Archive for August, 2009

Ki Tetzei: The Impermanence of Sorrow

Copyright 2011 Neal Joseph Loevinger

Torah Portion: Ki Tetzei

This week’s haftarah is both beautiful and disturbing: beautiful,
because the poetry is evocative and hopeful, and disturbing, because
the metaphors can be jarring and hard to fit with a contemporary

To wit, the dominant theme of this week’s haftarah, from Isaiah 54, is
a comparison of the people Israel, soon to be redeemed from exile, to
a woman who is “shamed” but soon to joyful. This “shame” (e.g., loss
of status) is either inability to bear children, widowhood or
abandonment; the image of Israel as a bereaved woman stays constant
throughout the text but the source of the sorrow shifts as the passage

It’s a difficult image to digest, but what makes it harder is the
extension of the metaphor to include God’s role in the exile; that is,
if Israel is the abandoned wife, and redemption from exile is like the
reconciliation between spouses, then God, as it were, is like the
husband who rebukes or spurns his wife but then takes her back. This,
in turn, raises all kinds of questions about theodicy, or God’s
justice: how can we be grateful to God for bringing the people back
from exile if He [following the metaphor from the haftarah] was the
one who put us there in the first place?

Lest you think I’m reading too much into the poetry, consider these verses:

“For a little while I forsook you,
But with vast love I will bring you back.
In slight anger, for a moment,
I hid My face from you;
But with kindness everlasting
I will take you back in love” (Yeshayahu / Isaiah 54:7-8)

OK, what do we do with this? I am unwilling to articulate a theology
in which suffering is due to sin, either for persons or communities;
doing so not only posits that inflicting suffering is a choice God
makes, but relieves (in this case) the Babylonian empire from moral
responsibility for how it treated other, weaker nations. However, if I
can’t read the haftarah as an explanation of history, I can still
understand it as a poetic rendering of the experience of exile. That
is, rather than being prescriptive (don’t sin or God will banish you
from home), we can read it as descriptive: exile (or other suffering)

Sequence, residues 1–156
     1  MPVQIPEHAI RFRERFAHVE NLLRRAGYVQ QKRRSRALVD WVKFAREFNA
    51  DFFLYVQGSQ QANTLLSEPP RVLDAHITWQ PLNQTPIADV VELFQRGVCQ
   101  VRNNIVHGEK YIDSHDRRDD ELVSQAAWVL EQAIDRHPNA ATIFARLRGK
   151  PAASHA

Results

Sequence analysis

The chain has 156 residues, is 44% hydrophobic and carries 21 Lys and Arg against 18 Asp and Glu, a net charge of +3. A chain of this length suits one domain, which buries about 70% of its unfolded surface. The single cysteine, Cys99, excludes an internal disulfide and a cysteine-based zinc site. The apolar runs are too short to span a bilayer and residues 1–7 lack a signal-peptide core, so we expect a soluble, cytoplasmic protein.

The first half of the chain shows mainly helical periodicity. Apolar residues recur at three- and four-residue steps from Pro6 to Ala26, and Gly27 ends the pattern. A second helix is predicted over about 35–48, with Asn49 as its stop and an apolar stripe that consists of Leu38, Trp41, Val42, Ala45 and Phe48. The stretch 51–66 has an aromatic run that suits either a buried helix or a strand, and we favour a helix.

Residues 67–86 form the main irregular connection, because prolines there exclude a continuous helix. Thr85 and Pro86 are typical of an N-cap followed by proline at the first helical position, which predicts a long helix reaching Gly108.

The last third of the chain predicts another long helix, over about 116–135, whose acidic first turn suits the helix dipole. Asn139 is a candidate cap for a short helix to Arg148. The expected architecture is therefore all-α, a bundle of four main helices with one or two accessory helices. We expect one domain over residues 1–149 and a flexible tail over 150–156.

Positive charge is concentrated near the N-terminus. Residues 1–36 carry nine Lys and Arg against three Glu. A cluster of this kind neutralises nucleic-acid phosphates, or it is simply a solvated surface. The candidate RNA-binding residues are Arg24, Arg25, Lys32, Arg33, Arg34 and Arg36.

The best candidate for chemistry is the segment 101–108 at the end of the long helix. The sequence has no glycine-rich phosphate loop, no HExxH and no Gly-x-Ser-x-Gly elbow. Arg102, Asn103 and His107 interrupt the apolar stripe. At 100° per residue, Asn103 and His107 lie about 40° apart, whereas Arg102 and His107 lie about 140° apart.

is so terrible it feels like even God has abandoned us.

This makes sense to me, and brings the images in the haftarah closer
to our experience: who among us has not experienced frustration,
anger, and even a sense of profound spiritual loneliness during
moments of grief or pain? Even the faithful have moments of doubt and
darkness- it is a natural part of the spiritual journey, rendered here
in images of bereavement and loss, soon to be transformed. The promise
of Isaiah is that these feelings don’t have to be permanent; there is
healing from sorrow, and thus hope endures where love is remembered.

Shabbat Shalom,


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Shoftim: Rising from the Dust

Copyright 2011 Neal Joseph Loevinger

Torah Portion: Shoftim

We’re continuing with our discussion of the seven haftarot of
consolation (see previous messages), and we’re up to number 4 with the
haftarah for this week’s Torah portion, Shoftim. All of these readings
are taken from the book of Isaiah; in these chapters the prophet
addresses a personified Jerusalem, telling the city to awake and

Awake, awake, O Zion!
Clothe yourself in splendor;
Put on your robes of majesty,
Jerusalem, holy city . . . . .

Arise, shake off the dust,
Sit [on your throne], Jerusalem!
Loose the bonds from your neck . . . (Yeshayahu/Isaiah 52:1-2)

Astute readers of the Hebrew and even the English may note that
phrases from these verses are quoted in “Lecha Dodi,” the hymn for
bringing in Shabbat. In context, the idea that Zion, or Jerusalem,